Cumbria Police is one of a dozen forces to have sent files to prosecutors as part of a probe into the Conservatives' 2015 election expenses.
With police and the Electoral Commission investigating, Conservative Party chairman Sir Patrick McLoughlin has been urged to act to protect MPs who face accusations they breached local campaign spending limits.
At least three Tory MPs have been quizzed by police investigating whether election finance laws were broken in the 2015 contest.
And today, the Conservative Party has been fined £70,000 by the Electoral Commission for failing to accurately report its election expenses.
The independent elections watchdog said the party had made "numerous failures" in reporting its expenses for the 2015 General Election and three by-elections in 2014.
Commission chairman Sir John Holmes said the Tories' failure to follow the rules "undermined voters' confidence in our democratic processes" and said there was a risk political parties were seeing such fines as "a cost of doing business".
Tory MP Anne-Marie Trevelyan said she hoped the "very difficult" situation would be resolved "very quickly".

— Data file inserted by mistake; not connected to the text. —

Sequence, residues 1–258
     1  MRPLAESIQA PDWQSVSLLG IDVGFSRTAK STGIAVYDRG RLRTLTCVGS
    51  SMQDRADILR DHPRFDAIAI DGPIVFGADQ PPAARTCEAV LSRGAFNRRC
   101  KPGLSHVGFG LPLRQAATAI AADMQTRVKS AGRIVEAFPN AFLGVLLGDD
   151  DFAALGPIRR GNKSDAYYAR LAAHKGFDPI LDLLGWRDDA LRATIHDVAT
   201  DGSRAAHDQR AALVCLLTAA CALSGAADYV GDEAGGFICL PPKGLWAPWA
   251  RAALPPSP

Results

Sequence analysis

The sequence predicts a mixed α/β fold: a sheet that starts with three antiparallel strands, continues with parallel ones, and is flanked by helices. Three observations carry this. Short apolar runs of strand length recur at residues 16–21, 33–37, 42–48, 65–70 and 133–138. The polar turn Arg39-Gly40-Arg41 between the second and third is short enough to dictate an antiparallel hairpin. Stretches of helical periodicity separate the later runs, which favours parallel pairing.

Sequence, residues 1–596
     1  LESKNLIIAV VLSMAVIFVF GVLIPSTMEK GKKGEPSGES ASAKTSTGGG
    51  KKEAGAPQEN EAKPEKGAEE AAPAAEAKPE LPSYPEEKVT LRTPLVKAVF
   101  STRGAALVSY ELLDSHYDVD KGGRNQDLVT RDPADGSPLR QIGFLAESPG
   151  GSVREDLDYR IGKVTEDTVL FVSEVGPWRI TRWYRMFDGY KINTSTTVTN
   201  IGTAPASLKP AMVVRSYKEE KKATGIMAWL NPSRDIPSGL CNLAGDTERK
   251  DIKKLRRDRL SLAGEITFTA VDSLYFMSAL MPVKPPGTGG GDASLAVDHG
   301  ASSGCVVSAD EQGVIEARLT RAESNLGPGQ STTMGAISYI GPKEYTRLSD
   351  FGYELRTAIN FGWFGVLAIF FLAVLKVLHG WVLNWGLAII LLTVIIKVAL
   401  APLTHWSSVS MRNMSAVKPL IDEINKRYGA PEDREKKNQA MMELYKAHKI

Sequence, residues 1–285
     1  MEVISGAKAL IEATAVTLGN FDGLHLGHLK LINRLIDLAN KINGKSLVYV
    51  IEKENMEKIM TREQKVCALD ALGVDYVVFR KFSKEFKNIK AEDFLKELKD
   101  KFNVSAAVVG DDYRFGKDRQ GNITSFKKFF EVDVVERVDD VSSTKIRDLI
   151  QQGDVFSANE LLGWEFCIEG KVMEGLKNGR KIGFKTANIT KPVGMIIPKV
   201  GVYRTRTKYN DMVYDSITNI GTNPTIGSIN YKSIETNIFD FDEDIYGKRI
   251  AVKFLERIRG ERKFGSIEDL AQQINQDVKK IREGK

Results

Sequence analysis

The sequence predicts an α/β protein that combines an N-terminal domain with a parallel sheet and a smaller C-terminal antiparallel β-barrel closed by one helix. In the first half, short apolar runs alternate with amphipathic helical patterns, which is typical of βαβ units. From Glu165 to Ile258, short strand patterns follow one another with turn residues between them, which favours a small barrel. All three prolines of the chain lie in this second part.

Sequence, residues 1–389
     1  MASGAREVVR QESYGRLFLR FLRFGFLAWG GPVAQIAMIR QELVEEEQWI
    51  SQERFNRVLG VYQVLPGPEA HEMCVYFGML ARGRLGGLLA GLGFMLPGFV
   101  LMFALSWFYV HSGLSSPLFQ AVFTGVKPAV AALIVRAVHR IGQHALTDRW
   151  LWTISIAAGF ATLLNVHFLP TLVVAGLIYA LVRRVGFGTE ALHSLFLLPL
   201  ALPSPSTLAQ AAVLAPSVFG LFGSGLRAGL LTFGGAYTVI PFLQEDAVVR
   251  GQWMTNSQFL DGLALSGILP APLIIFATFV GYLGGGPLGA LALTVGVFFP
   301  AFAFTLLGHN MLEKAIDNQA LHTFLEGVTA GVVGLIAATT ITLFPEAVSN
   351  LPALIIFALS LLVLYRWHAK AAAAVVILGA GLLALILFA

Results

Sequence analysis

I think the whole situation is very difficult and I hope very much that it will be resolved this week.
Morecambe and Lunesdale MP David Morris is one of three MPs known to have been interviewed by police.
"Lancashire Police interviewed me and they saw fit not to take it any further," he said.
He said he did not want a visit from the battle bus campaign at the centre of many of the claims about election spending breaches.
The Conservatives have insisted that the busloads of activists sent to key seats formed part of the national campaign spend rather than falling within the lower constituency limits.
We were all given an email, every one of us had the same email from Mark Clarke at the time who was running the battle bus project, saying it was a national spend.
The disclosure follows reports that Craig Mackinlay, who fought off a challenge from former Ukip leader Nigel Farage to hold Thanet South for the Tories, had been questioned for six hours last week by Kent Police.
Colchester's Will Quince also revealed that he had been interviewed by police and told he faced no further action.
Mr Quince voluntarily attended an interview under caution with Essex Police last January.
Essex is not one of the forces that has submitted files to the CPS.
But a CPS spokesman said it had received files from: Avon & Somerset, Cumbria, Derbyshire, Devon & Cornwall, Gloucestershire, Greater Manchester, Lincolnshire, the Metropolitan Police, Northamptonshire, Nottinghamshire and West Yorkshire police.
Once it has received a file, the CPS will decide whether to charge anyone.
The files were "all under consideration", a spokesman said.
A 12th force - Staffordshire - said it had also sent a file to the CPS.